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Monday, April 20, 2015

Moral bioenhancement: a neuroscientific perspective

By Molly Crockett
J Med Ethics 2014;40:370-371

Here is an excerpt:

The science of moral bioenhancement is in its infancy. Laboratory studies of human morality usually employ highly simplified models aimed at measuring just one facet of a cognitive process that is relevant for morality. These studies have certainly deepened our understanding of the nature of moral behaviour, but it is important to avoid overstating the conclusions of any single study. De Grazia cites several purported examples of ‘non-traditional means of moral enhancement’, including one of my own studies. According to De Grazia, we showed that ‘selective serotonin reuptake inhibitors (can be used) as a means to being less inclined to assault people’. In fact, our findings are a bit more subtle and nuanced than implied in the target article, as is often the case in neuroscientific studies of complex human behaviour.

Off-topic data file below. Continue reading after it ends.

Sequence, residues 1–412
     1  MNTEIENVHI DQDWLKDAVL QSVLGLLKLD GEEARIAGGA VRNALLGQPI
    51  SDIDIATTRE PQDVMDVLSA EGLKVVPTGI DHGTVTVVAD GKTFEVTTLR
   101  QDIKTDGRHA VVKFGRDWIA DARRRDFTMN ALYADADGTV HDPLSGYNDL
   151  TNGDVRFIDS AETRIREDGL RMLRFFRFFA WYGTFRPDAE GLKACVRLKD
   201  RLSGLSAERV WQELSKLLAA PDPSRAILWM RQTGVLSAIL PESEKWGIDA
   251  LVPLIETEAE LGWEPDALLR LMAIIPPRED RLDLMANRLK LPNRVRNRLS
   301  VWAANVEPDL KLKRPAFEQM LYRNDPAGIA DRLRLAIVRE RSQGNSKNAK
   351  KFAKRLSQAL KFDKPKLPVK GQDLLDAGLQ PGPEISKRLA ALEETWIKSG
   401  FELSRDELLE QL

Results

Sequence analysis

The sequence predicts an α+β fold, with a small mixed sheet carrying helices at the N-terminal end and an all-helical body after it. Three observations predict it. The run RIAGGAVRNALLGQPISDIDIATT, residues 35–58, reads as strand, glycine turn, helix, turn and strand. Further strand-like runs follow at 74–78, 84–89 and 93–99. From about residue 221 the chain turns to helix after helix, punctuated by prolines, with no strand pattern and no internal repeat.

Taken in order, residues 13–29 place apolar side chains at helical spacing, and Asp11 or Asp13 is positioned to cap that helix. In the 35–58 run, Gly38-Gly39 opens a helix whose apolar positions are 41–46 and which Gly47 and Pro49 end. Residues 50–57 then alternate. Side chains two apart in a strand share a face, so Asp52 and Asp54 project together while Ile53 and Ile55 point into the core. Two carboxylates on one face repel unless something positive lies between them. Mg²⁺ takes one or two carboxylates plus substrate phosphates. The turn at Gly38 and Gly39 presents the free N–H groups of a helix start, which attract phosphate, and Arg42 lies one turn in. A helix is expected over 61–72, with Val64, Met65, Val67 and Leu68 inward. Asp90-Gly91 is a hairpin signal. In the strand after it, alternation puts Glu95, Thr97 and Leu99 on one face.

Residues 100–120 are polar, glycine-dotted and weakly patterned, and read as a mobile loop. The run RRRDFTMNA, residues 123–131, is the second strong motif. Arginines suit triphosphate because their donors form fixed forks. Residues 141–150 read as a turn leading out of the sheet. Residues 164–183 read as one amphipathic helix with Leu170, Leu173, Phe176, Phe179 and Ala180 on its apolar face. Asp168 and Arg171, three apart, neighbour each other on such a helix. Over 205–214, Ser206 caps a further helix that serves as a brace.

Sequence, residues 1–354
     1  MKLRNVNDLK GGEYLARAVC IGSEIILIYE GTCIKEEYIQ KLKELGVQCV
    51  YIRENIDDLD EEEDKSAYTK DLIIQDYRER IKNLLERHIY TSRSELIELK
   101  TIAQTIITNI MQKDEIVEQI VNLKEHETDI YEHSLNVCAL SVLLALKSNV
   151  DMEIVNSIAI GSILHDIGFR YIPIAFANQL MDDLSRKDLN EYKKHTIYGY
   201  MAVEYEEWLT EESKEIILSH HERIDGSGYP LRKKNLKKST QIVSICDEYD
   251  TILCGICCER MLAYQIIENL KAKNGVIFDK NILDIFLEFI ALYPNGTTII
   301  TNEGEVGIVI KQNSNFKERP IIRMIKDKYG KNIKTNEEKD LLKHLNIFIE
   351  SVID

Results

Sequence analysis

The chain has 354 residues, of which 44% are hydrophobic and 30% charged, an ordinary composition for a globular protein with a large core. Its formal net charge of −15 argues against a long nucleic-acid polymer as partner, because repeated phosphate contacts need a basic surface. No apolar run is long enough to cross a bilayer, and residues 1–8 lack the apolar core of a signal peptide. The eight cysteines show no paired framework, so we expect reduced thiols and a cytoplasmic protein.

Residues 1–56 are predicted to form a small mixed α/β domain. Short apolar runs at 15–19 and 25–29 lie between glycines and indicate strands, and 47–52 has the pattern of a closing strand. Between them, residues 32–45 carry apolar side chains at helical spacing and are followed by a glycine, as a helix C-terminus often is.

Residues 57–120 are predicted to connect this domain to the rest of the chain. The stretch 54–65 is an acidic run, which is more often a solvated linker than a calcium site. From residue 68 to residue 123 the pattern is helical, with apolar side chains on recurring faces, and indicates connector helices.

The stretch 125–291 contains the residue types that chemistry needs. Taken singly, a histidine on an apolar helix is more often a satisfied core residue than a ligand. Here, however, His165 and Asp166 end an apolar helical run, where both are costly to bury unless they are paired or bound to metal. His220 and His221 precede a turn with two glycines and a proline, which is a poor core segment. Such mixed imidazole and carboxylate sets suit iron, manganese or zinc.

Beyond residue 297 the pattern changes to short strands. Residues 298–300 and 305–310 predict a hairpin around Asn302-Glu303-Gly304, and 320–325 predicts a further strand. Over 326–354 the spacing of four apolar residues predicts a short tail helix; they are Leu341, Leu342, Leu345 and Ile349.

The entire article is here.